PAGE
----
tv Media Buzz FOX News October 25, 2015 8:00am-9:01am PDT
pmi out on friday. you're watching the inin ining . and the house speaker race. we'll find out on thursday. thanks for being here. that'll itfutures." i'll see you on the fox business network next week. buzz leader this sunday, hillary clinton grilled about benghazi for hours by a polarized panel. and the hearings largely portrayed as a partisan exercise. >> i would say the lead from the day, so far, is hillary clinton repeatedly offers false or misleading testimony and journalists yawn. >> i think you have to go back to joe mccarthy, to find a process as abusive in a congressional hearing as this one was. >> why are so many news outlets saying hillary emerged unscathed while they insist the new evidence is damaging. just as most of the media were saying joe biden were about to
jump into the race -- >> joe biden's decision, i think the announcement's going to come tomorrow. i think he's going to get in. >> joe biden's going to get in, i'm confident. tomorrow or tuesday. >> the vice president says he's out. how are so many so wrong so often? and will the press now down play hillary's expected coronation? as donald trump keeps surging in the polls, the media establishment finally grudgingly acknowledging the obvious. he could well win the republican nomination or more. >> i know all about dismissed trust. early on, all of us, the so-called experts, i am beginning to believe he could be elected president of the united states. >> why have the pundits spent so many months in denial? i'm howard kurtz, and this is "media buzz." >> the media narrative when the
house ben gghazi hearings began. which surfaced repeatedly as republican lawmakers grilled hillary clinton, hillary clinton and she pushed back with the help of democrats playing defense. >> i understand there are people, frankly, in both parties who have suggested this investigation is about you. let me assure you it is not. >> set up this committee with no rules, no deadlines, and an unlimited budget. and they set them loose, madame secretary because you're running for president. >> so, if there's no evidence for a video-inspired protest, then where did the false narratives start? started with you, madame secretary. >> i've lost more sleep than all of you put together. i have been racking my brain about what more could've been done or should've been done. >> and much of the coverage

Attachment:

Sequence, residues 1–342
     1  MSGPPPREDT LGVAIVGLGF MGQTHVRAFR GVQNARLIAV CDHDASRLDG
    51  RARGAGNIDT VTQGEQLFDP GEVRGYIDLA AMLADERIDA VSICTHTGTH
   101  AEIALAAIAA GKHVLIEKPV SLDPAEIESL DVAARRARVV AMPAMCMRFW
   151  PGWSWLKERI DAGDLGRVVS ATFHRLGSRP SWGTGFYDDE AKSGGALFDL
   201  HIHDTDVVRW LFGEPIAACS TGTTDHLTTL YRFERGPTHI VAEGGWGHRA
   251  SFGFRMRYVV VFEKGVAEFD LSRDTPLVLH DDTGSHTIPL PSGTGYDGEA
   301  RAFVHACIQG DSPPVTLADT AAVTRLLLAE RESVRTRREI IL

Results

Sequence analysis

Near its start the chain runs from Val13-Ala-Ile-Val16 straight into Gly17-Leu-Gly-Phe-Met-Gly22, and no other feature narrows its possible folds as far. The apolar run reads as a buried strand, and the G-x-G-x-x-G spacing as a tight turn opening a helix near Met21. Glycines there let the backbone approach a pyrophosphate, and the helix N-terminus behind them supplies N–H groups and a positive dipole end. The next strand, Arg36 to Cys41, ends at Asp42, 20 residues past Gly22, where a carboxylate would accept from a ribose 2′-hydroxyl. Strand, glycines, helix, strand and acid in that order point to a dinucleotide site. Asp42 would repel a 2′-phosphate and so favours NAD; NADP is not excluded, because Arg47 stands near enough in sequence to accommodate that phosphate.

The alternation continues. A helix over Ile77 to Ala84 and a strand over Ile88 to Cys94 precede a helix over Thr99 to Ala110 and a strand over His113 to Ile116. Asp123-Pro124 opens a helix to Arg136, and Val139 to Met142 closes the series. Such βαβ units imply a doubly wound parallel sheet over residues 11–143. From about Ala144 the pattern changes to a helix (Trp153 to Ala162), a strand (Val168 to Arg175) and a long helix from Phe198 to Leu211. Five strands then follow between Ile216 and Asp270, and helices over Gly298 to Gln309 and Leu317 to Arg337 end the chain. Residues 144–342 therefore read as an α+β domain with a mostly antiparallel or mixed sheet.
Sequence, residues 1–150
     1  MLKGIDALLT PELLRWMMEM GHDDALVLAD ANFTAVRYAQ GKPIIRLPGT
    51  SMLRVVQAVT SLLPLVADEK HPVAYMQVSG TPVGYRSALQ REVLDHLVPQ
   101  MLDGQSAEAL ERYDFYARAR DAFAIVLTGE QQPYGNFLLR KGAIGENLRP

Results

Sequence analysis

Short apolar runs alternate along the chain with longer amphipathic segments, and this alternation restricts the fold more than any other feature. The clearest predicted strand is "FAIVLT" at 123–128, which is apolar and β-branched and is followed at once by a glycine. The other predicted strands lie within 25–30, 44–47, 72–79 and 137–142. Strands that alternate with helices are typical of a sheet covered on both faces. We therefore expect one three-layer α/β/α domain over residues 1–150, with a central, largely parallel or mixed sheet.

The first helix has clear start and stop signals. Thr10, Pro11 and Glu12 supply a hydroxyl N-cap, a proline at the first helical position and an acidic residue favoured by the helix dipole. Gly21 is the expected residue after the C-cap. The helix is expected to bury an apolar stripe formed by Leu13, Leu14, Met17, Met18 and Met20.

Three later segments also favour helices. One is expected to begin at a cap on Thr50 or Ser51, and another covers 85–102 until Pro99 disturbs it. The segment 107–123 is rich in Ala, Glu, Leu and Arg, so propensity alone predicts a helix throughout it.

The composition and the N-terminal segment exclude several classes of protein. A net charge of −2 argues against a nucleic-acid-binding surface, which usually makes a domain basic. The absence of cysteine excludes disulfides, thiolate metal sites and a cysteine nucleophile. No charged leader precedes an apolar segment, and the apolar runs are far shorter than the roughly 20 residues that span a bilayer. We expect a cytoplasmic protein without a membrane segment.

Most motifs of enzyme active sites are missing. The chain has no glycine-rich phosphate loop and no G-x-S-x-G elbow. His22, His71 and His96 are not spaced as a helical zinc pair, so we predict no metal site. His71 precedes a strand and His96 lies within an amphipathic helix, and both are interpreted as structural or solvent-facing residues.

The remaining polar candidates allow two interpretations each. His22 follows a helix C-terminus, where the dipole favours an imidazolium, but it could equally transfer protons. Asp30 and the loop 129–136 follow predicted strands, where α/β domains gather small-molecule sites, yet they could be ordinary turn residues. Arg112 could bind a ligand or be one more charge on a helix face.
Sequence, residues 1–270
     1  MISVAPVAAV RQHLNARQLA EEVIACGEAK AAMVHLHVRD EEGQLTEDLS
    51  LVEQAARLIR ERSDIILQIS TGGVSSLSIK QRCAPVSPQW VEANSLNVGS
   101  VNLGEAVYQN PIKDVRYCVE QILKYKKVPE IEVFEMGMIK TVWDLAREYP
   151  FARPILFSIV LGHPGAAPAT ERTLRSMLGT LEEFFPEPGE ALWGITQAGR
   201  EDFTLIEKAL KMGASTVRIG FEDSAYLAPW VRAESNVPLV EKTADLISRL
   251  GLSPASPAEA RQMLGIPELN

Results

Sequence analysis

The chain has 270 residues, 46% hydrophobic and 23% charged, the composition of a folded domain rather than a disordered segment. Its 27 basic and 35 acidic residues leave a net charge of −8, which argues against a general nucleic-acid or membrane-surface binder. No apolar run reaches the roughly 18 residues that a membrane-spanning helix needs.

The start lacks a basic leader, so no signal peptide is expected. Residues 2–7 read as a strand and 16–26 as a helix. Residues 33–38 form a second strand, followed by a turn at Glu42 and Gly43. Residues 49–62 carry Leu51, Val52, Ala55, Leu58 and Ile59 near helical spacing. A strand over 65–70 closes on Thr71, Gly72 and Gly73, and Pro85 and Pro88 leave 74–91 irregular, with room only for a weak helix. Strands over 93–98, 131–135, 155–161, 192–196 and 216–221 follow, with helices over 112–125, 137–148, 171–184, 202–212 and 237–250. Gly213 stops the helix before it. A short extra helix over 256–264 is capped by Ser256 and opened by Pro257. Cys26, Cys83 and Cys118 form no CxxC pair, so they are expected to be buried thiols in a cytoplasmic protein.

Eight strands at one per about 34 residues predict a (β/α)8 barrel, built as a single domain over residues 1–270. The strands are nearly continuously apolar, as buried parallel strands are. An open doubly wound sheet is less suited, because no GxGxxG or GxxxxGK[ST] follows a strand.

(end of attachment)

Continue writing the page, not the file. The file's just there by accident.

seemed to favor hillary clinton, although, not on fox. >> she sounds like a real human being trying to save somebody who worked for her over there in benghazi in a very dangerous situation. i don't think it hurt her at all. >> a very bad day for the republicans, theatrically, at least. >> the republicans were trying to throw everything they had at hillary clinton. but it ended up being a very good day for her. >> because she doesn't believe it was about a video because she's covering up what we weren't supposed to hear. >> well, there was a smoking gun. >> it's a bombshell. >> it impacts hillary. >> joining us now to examine the coverage and the impact on the campaign. u.s. news columnist, political consultant and former spokeswoman for george w. bush. kirstin powers, and chief congressional correspondent for the "washington examiner." the mainstream consensus was the hearing was a not. here's "usa today," no smoking
gun. but some conservative commentators seem to see a different hearing. are most of the media right that hillary emerged unscathed? >> well, i don't think the media's right. i think they used that word unscathed repeatedly. and the fact is, she, it brought up the new questions. there were 600 security requests. she basically said, well, no one came to me with those security requests. so what are we saying? is she a passive observer on this? >> are you saying the mainstream media are wrong? >> i think what they were covering was more about the calm demeanor, about the fact she didn't have that explosive, emotional moment like she did back in january. so i think they're giving her kudos for that. but i don't necessarily think they're right. >> some of the coverage on fox said the hearings proved hillary clinton's a liar. but the rest of mainstream media saw mostly old news or rehashed news. >> it wasn't just the mainstream
media. this was a marathon hearing. >> benghazi bust was the headline. >> right. and you had erik erikson saying the same thing. mike huckabee saying the same thing, saying it was, basically a net win for hillary. so i don't think that -- i really do believe that the people who didn't see this as hillary performing well, a, and the republicans performing ba y badly, it wasn't just a hillary performed well. it was they performed badly. are people who just really just hate hillary. like, i think they're incapable of seeing in front of them, which was that the republicans had this -- first of all, the obsession with the blumenthal e-mails. it was pathetic to watch. and i'm somebody, i think anybody who watches me or reads my writing knows i'm sympathetic to the idea that we need to be investigating benghazi. i'm saying, they blew it. >> there are the conservative talk show radio hosts that came out and were basically saying,